“East Coast Hockey League” by Source. Licensed under Fair use via Wikipedia.
For a prospect, the difference between purgatory and the ECHL is that purgatory is temporary. For some prospects, being assigned to the ECHL is a death knell to their career in the NHL.
Once they enter their professional career, only a small percentage of prospects will make the jump to the NHL. A much larger percentage of them will end up in the American Hockey League (AHL) to further develop. Among those players, some will eventually be loaned to the ECHL.
Because these players are typically at the bottom of the depth charts, it is highly unlikely that they will ever become an “NHL regular” – at least that is the assumption that I will test here.
To assess the success rates of prospects, I divided all ECHL skaters by position (defenseman vs forward) and then by age to generate cohorts. For every cohort, I looked at how many players went on to play 1+ NHL game and how many went on to play 200+ NHL games (i.e. become an NHL Regular). My working hypothesis was that the younger and better a player is, the more likely he will play in the NHL:
As the table above shows, the younger the prospect is the more likely he’ll become an “NHL regular”. Looking more closely, a concerning trend starts for skaters who are 20 years old or older and still play in the ECHL: their chance of playing 1 NHL game is essentially the same as an CHLer becoming a regular NHLer. Playing in the ECHL greatly reduces a prospect’s chance of ever seeing NHL ice, let alone becoming a regular there.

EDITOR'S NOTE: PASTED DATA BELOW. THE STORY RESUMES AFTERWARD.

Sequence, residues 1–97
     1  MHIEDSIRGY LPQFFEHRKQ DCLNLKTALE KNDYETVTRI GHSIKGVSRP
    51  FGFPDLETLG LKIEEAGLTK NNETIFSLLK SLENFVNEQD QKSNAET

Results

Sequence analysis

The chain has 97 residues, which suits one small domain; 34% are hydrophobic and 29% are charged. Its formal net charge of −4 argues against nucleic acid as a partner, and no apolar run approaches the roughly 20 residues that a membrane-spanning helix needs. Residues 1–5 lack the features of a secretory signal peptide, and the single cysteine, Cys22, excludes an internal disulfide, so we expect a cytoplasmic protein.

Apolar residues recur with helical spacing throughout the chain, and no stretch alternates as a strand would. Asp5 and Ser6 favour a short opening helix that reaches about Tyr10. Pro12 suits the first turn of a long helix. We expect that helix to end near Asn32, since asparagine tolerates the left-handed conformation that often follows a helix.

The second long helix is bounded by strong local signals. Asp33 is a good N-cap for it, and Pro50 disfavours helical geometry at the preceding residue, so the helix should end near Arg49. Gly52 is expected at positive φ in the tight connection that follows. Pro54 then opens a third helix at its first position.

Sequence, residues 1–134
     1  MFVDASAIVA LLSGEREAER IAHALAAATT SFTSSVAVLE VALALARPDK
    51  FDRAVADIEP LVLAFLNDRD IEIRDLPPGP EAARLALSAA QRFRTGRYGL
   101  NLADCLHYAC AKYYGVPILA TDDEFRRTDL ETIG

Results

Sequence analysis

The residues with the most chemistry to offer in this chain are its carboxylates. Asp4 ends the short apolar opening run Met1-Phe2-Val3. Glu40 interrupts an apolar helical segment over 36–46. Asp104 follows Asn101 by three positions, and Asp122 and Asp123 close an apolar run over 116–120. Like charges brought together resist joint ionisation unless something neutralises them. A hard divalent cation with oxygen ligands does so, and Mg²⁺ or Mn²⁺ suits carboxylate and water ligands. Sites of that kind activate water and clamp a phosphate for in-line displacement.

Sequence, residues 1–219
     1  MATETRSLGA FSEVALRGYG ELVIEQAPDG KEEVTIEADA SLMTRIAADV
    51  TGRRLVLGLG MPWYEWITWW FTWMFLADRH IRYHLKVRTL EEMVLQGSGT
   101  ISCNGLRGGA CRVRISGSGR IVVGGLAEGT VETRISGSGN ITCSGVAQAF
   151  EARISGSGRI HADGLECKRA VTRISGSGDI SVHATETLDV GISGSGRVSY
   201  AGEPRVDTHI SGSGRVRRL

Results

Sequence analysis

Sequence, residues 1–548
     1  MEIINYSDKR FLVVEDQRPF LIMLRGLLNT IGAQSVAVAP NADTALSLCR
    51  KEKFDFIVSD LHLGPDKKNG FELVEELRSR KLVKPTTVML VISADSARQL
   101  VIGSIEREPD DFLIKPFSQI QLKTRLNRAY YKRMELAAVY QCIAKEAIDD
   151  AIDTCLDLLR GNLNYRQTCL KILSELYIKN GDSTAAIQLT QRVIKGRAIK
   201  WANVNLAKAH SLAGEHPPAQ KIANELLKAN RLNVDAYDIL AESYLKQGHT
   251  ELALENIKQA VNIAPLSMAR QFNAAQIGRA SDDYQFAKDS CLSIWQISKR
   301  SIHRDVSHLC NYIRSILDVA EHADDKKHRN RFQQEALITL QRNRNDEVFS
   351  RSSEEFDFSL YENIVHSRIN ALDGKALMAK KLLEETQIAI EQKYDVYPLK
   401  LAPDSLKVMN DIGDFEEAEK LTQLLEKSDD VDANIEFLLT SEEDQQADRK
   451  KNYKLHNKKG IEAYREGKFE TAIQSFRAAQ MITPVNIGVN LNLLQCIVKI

Looking at points per game, it appears that relatively high-scoring players with a minimum of 30 games played per season in the ECHL have a higher chance of playing in the NHL. They make up a very small minority, as the table below shows:
The data was replicated for players that moved from the ECHL to the AHL in a full-time capacity:
On average, 1 in 3 ECHLers will play in 1 AHL game. The odds are even smaller for becoming an NHL regular.
These results can potentially inform asset management. For instance, it can be argued that a team should buy out an ECHLers contract to free up a contract spot instead of wasting it on a prospect whose chances to break into the NHL are so slim.
The Toronto Maple Leafs are an interesting case study in this regard. In comparison to other teams, it appears that they’re relying more heavily on their ECHL team than before for prospect development. The benefit of this strategy remains to be seen. For the time being, there is ample evidence to suggest that it is highly unlikely that their ECHL team (or any ECHL team for that matter) will see an increase in the number of its prospects in the NHL.
All in all, if you have a prospect in the ECHL, don’t hold your breath on him.